LIFE: #MENTALHEALTHAWEARNESSDAY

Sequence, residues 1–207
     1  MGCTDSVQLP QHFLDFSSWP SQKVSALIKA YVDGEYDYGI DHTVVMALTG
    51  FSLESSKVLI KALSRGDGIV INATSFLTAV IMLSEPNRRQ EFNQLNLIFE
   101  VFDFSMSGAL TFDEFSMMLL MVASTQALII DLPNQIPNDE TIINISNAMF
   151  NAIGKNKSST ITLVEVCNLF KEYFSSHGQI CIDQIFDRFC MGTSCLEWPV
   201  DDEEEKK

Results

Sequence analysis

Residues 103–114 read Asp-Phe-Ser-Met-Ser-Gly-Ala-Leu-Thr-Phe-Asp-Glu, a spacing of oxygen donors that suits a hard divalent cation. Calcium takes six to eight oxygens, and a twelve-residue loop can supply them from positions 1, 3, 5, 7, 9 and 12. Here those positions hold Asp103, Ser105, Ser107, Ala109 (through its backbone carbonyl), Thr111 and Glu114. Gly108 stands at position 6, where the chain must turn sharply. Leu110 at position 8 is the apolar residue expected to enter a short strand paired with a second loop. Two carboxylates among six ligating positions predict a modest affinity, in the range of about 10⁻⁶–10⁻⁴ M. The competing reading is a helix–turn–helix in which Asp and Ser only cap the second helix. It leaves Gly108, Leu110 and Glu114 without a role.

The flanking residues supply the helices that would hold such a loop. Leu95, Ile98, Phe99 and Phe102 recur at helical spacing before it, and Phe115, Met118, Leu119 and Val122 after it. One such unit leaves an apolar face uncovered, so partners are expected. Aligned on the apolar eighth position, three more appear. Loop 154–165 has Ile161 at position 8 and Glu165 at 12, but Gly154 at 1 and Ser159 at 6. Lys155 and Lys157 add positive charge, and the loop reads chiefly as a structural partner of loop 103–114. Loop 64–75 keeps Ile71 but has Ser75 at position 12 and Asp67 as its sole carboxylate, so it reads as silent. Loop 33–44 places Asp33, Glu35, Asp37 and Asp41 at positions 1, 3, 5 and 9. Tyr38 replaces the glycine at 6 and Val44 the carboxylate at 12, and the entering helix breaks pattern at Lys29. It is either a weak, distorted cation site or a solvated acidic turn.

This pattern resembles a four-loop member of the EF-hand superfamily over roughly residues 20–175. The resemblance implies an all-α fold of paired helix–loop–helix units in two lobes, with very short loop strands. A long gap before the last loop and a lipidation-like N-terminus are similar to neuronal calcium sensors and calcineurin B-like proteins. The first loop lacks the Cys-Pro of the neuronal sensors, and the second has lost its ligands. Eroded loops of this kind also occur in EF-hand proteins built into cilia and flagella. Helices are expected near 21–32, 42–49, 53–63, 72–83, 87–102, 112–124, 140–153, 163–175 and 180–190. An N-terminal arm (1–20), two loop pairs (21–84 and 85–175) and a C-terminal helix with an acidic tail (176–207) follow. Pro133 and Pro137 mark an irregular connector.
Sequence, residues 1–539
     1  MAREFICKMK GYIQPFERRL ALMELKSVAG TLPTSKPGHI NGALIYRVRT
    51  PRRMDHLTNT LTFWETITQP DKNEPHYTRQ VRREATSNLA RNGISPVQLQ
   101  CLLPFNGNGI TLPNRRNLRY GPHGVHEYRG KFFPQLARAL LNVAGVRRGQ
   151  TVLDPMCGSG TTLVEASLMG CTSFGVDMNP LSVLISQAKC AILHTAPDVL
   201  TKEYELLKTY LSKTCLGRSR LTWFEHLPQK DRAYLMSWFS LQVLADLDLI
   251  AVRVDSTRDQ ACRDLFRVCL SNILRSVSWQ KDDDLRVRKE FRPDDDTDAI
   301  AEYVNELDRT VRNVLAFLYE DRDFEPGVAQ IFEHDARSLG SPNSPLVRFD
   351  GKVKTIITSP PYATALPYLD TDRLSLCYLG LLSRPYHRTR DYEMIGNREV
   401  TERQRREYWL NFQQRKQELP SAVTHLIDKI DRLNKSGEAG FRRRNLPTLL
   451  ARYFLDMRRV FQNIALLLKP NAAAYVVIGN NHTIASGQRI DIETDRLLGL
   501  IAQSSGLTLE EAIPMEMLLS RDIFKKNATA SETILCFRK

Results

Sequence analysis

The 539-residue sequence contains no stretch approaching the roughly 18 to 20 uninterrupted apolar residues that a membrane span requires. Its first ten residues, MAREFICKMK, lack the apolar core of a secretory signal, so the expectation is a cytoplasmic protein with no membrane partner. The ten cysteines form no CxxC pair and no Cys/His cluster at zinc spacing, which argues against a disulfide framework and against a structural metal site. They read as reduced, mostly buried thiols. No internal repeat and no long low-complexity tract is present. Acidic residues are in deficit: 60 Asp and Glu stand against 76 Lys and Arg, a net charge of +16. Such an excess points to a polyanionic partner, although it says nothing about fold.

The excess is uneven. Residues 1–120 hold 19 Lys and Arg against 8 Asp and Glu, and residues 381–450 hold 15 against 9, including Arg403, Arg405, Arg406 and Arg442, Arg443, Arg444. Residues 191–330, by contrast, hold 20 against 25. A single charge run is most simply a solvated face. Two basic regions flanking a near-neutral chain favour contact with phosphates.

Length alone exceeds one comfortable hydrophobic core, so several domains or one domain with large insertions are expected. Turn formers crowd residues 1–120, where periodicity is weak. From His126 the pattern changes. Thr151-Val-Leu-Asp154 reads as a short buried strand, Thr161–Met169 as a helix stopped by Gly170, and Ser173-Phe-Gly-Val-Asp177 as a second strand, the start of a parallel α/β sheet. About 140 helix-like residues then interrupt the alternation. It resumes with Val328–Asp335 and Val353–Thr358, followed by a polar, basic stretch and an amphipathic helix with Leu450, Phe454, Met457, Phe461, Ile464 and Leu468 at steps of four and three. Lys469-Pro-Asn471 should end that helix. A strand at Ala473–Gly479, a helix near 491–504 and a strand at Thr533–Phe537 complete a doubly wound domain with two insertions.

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I had absolutely no plans to write this post, quite frankly I should be watching Bake Off, but after seeing the hashtag for mental health awareness day doing the rounds on Twitter, I started to tweet. Then I started to think, thinking that this is something which I need to write down while it's in my head. I hope that I can string together what I am thinking to create some sentences that actually make sense.A bit of backstory for you, I started noticing that I was having problems with my mental health when I was in year 10 at school, so I was about 15/16. I was going through a really stressful time with family issues as well as the stress of exams looming, it all got too much way too quickly. I started having panic attacks and noticing that I was feeling really low all of the time and I was just generally not feeling or acting myself. I saw a counsellor at school and continued that while I was at college, then when I turned 18 I was told by a doctor that I had depression and generalised anxiety disorder and I started taking medication alongside the counselling at college. Counselling helped a bit but as soon as I left the counselling room I felt like I was dragged back to square one again, it was like as soon as I stepped out of that door I forgot everything that we had spoken about. While I was in my last year or so at school I also started suffering from my emetophobia quite severely. Emetophobia is a phobia of vomit. I've been scared of throwing up for as long as I can remember, I have a really vivid memory of being about 5 and literally begging my mum to tell me I wasn't going to be sick when I felt sick once. At first, I could live with it, I just didn't like being sick and I probably wouldn't go near you if you'd been sick, but then when I was about 17/18 I started to become obsessed with it. I wouldn't eat certain things, I would wash my hands till they bled, I wouldn't sleep for fear that someone in my house was going to be sick even if they had shown no reason for me to think that. Fast forward to today, I am 22 years old and I am still on medication (I've been on numerous different tablets and different dosages but I've finally found some that I think are helping), I have completed a course of CBT to help with my phobia, and I'm doing okay. I have bad days and good days, but mostly I'm just fine.I used to wish I could be one of those people who were able to help themselves, the kind of people who meditate and practice mindfulness, and that was enough to help them through. It never worked for me though. The most important thing that I have learnt while suffering from anxiety and depression is that everyone deals with their problems differently, in the same way that everyone suffers differently. Personally, I've never found comfort in knowing that I'm not alone in feeling like this, I hate the idea that anyone else has to feel as bad as I do sometimes, I've never found comfort in knowing that things will get better, I've never felt comfort in knowing that I have people I can talk to, but there is absolutely nothing wrong with that. Just in the same way that there is nothing wrong if you cope by talking to people, or by having time to yourself, or meditating. I cope by taking 3 tablets per day, one in the morning and two in the evening, and there is nothing wrong with that either.I have also realised the importance of knowing your limits, knowing what you're comfortable doing and what is just too much for you. I'm very scared of socialising, I'm scared I will make everyone hate me or that I will do something wrong, this means that I don't see my friends that often, and that's fine. I used to feel that I should push myself to do things that frighten me, it felt like letting my mental health depict what I can and cannot do was "letting it win". Its okay if something seems overwhelming or if you don't think you are capable of something, there is absolutely nothing wrong with saying "nope, I don't feel like I can do this today". Some people thrive off of doing things that frighten them which is great, but I think there is such a huge emphasis on the idea of pushing yourself that it can almost make you feel guilty when you feel something is not in your capability. I see so many people saying "you need to push yourself or you'll never get better", which to an extent I agree with, you need to change to see a change in your life, but if you try something and you're not comfortable with it, its fine for you just try. Learn what you're comfortable with and if you want to work and build on that then excellent, but if you want to stay where you are comfortable and not put yourself through additional stress while you're already struggling, I think that an equally as admirable thing to do.I honestly find it very hard to put into words how important I think it is for people to be honest and open about their mental health, I feel like my mental health has been the centre of my life since I started noticing that it was a problem and it's so hard to put the last 6 years of feeling like shit into words, but as of right now, I feel like I am okay and I mostly have my problems under control. I cannot stress enough how much it is okay to not feel okay, and its okay to find your own way to deal with that. You are not any less of a person for feeling how you do, just like I'm no less of a person.The Samaritans are available 24/7 in the UK to help you through whatever you're going through 116 123.